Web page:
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Escape artists: Indigenous prisoners painting a brighter future

The Torch is a prison program connecting Indigenous inmates with their artistic heritage, along the way giving them the means and confidence to embark on a new, clean path. Charlotte Grieve reports. 

Escape artists: Indigenous prisoners painting a brighter future

Over 100 artworks by Indigenous inmates were sold this year in the Confined 9 exhibition. Photo: Charlotte Grieve

Words and Pictures by Charlotte Grieve
 

Kent Morris’ father was separated from his family as a teenager. He grew up in extreme poverty, in a tin shack with a dirt floor, no electricity or running water.

“When I show people photos of where dad was born, they find it hard to believe that it’s so recent,” says Kent.

Kent was 32 when his father died of an alcohol-related illness. He grew up not knowing where he had come from or who his father’s family was. He says he felt disconnected and turned to art for solace, studying fine arts at both Monash University and then later at the Victorian College of the Arts.

When Kent was in his early 40s, an encounter with a Gurindji man changed the course of his life.

“He looked at me and said ‘where are you from brother and who’s your mob?’ I looked at him and I didn’t know how to answer those questions. I didn’t know why he would ask. It kind of crushed me.”

After some persuasion, Kent visited the Koori Heritage Trust to retrace his ancestry. “From that point, this kind of 10-year journey unfolded,” he says. He discovered that he was a Barkindji man and that he had 16 aunts and uncles from his father’s side. He met up with family members and revisited his ancestral country, learning the cultural traditions and art practices of his community along the way.

“All these pieces of my cultural identity came together.”

Years later, on a 42 degree day in Bourke, he came across an ad in the Koori Mail to build a prison program.

“I said ‘well I can’t do that, I’ve got no experience’.” But after encouragement from his partner and the Koorie Heritage Trust, he crafted a proposal for a program that used research and art lessons to enable prisoners to learn cultural art practices whilst tracing their heritage. In the first 18 months of operation, it reduced recidivism in the cohort it connects with by 53%.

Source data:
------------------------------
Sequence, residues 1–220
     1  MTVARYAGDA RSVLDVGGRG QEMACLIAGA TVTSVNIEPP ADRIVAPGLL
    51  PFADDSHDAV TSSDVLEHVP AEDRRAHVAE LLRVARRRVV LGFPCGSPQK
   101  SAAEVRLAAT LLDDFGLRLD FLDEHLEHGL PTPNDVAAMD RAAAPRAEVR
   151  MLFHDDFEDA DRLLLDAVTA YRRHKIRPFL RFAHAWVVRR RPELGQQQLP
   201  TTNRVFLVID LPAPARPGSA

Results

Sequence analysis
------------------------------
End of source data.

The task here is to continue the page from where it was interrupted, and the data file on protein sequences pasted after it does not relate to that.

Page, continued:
“When I started talking to the men and the women in the prisons, we had so much in common. Just about this fragmentation and disconnection from family and culture and not understanding who we were, not feeling comfortable in the world.”

Seven years later, The Torch project is still running. It has now expanded to include additional post-release program staff who travel across Victoria to check in with ex-prisoners and provide ongoing support.

Each year, the artworks produced in prison are showcased and sold through an annual exhibition – Confined 9. The paintings tessellate, filling the walls from ground to ceiling. Bright colours are pinned by red sales stickers.

“The first year I did the exhibition there were 49 men and women engaged in the program and 60 artworks. This year’s (has) 173 men and women and well over 200 artworks, we couldn’t hang them all,” says Kent.

For the artists who have been released, they received 100% of the sales. Artists still in prison will also receive the total amount, but the larger part of the funds are held in trust until they are released from prison, with interest going to a victims of crime trust.

“You never know what these men and women might do, what potential might they have. I see this every day in the program,” says Kent.

One of the artists in this year’s show is an example of the potential Kent talks about. Robby Wirramanda, a Wergaia Wotjobaluk man, was released from maximum security Barwon Prison in 2015. He spent three and a half years behind bars for dealing a commercial quantity of the drug, speed. During the time in jail he discovered The Torch.

“Prison and The Torch helped me assess my life and all the mistakes that I made along the way. Gave me time to sit back and reflect on the things I’ve done,” he says.

Nowadays, he lives in Chinkapook – a north-western town of Victoria with a population size in the dozens. He is the first ex-prisoner to be employed by The Torch, travelling across the state to help Indigenous men and women transition back into the community. He is able to support his wife and three sons from the proceeds of his art using the techniques he learnt in Barwon. A common motif throughout his paintings is the dragonfly.

“That’s a story about rebirth, change and good times ahead, good seasons to fly.”

Today (March 15) is the last day of this year’s Confined 9 exhibition at St Kilda Town Hall Gallery, considered a success with more than 100 sales, some with price tags up to $2000. But unsold works can still be viewed and purchased at the Torch’s office gallery located at 46 St Kilda Road, St Kilda. You can find out more on the website here.

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